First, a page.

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Does the Sunspot Cycle Predict Grain Prices?

| | Posted in: Calendar Effects, Commodity Futures

As a follow-up to “Sunspot Cycle and Stock Market Returns” a reader asked: “Sunspot activity does have a direct relationship to weather. Could one speculate on the agriculture market using the sunspot cycle?” To investigate, we relate sunspot activity to the fairly long U.S. Producer Price Index (PPI) for grains. Using monthly averages of daily sunspot counts and monthly PPI for grains during January 1926 (limited by PPI data) through October 2018, we find that:

The National Weather Service notes:

“There is debate within the scientific community how much solar activity can, or does affect Earth’s climate. There is research which shows evidence that Earth’s climate is sensitive to very weak changes in the Sun’s energy output over time frames of 10s and 100s of years. Times of maximum sunspot activity are associated with a very slight increase in the energy output from the sun. Ultraviolet radiation increases dramatically during high sunspot activity, which can have a large effect on the Earth’s atmosphere. The converse is true during minimum sunspot activity. But trying to filter the influence of the Sun’s energy output and its effect on our climate with the ‘noise’ created by a complex interaction between our atmosphere, land and oceans can be difficult.”

If there is a sunspot activity-weather relationship, we hypothesize that a high sunspot count (warm weather) would depress grain prices (support good crops).

The following chart plots monthly sunspot activity and grains PPI, with the latter on a logarithmic scale. There are about nine 11-year sunspot cycles in the full sample, with the peak at the end of the 1950s strongest and the most recent peak the weakest. Visual inspection reveals no obvious relationship between the two series.

The sunspot series appears to have a reasonably stable average (95.0 for this sample), while the grains PPI series does not. We therefore proceed by relating monthly sunspot activity to monthly change in grains PPI. Because investors know that the sunspot cycle is predictable, we can use coincident data.

The following scatter plot relates monthly change in grains PPI to monthly sunspot activity over the full sample period. The Pearson correlation for the two series is -0.03 and the R-squared statistic is 0.00, indicating that variation in monthly sunspot activity explains none of monthly variation in grains PPI.

In case sunspot effects are longer-term, we look at annual data.

The next scatter plot relates annual change in grains PPI to annual sunspot activity (average of monthly activity during the year) over the full sample period. The Pearson correlation for these two series is -0.07 and the R-squared statistic is 0.01, indicating that annual sunspot activity may have a slightly negative relationship to annual change in grains PPI (very weakly supporting the hypothesis).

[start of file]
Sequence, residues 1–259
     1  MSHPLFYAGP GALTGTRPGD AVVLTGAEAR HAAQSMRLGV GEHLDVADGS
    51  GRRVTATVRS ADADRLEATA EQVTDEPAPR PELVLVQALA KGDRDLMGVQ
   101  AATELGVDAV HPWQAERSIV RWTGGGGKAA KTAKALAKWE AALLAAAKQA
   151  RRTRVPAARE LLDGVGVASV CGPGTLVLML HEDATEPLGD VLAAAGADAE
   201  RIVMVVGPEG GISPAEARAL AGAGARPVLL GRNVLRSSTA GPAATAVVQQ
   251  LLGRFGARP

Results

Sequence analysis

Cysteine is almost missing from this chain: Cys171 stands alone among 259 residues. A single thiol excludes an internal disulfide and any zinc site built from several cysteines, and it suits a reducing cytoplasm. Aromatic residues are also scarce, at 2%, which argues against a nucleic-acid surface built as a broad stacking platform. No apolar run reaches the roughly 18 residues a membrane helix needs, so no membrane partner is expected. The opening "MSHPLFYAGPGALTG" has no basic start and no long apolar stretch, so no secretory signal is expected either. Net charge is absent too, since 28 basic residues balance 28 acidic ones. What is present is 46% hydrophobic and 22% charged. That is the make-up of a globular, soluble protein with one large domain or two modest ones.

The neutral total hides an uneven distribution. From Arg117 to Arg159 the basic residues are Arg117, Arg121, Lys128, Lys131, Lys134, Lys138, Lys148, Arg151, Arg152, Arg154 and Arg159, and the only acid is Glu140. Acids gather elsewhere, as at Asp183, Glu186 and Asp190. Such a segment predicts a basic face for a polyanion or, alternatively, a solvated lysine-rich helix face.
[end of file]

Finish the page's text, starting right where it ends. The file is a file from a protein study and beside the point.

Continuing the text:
In case the relationship is materially non-linear, we look at average annual change in grains PPI by ranked third (tercile) of annual sunspot activity.

The next chart summarizes average annual changes in grains PPI by tercile of annual sunspot activity over the full sample period. There are 30 observations per tercile. Results suggest that low and moderate sunspot activity is better for grain prices than high sunspot activity, supporting the hypothesis that grains are less plentiful for those conditions. However, tercile subsamples are small, and the relationship is not systematic across terciles, so findings are not very reliable.

Might sunspot activity and change in grains PPI interact with a lag?

The final chart summarizes correlations for various lead-lag relationships between annual sunspot activity and annual change in grains PPI over the full sample period, ranging from change in grains PPI leads sunspot activity by 11 years (-11) to sunspot activity leads change in grains PPI by 11 years (11). Notable points are:

  • Grains may interact very weakly with sunspot activity on a long cycle, with peaks in correlations about 11 years apart.
  • The coincident relationship, as found above, is slightly negative. This negative correlation persists for sunspot activity leading change in grains PPI by one and two years.
  • The left peak suggests that change in grains PPI leads sunspot activity with positive correlations by six to seven years. However, this peak is very weak.
  • The right peak suggests that sunspot activity leads change in grains PPI by four to six years.

There may be some underlying agricultural explanation for correlation dips and peaks, but not an obvious one. Given the very small number of solar cycles and bull-bear grain cycles in the sample, the peaks may be just noise.

In summary, evidence from simple tests on available data offers very little support for use of sunspot activity as a grains commodity timing tool, with slight indication that high sunspot activity puts downward pressure on price.

Cautions regarding findings include:

  • As noted, there are only about nine sunspot cycles during the sample period, so overall findings are not very reliable. Also as noted, the number of observations in the tercile subsamples is small, such that a few outliers materially affect the average tercile changes in grains PPI.
  • All analyses are in-sample. An investor operating in real time based only on past data may have drawn different conclusions at different times.
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